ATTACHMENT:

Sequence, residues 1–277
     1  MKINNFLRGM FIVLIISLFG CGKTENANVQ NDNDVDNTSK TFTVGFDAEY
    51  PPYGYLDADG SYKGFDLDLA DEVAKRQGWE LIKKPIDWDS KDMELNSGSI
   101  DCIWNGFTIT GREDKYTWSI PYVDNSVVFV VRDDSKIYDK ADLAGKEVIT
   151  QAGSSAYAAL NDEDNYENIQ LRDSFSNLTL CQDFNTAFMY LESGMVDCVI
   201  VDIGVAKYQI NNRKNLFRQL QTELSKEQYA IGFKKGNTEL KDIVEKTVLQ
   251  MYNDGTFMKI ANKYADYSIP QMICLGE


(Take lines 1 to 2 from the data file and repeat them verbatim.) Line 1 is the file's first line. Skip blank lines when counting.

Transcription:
Sequence, residues 1–277
     1  MKINNFLRGM FIVLIISLFG CGKTENANVQ NDNDVDNTSK TFTVGFDAEY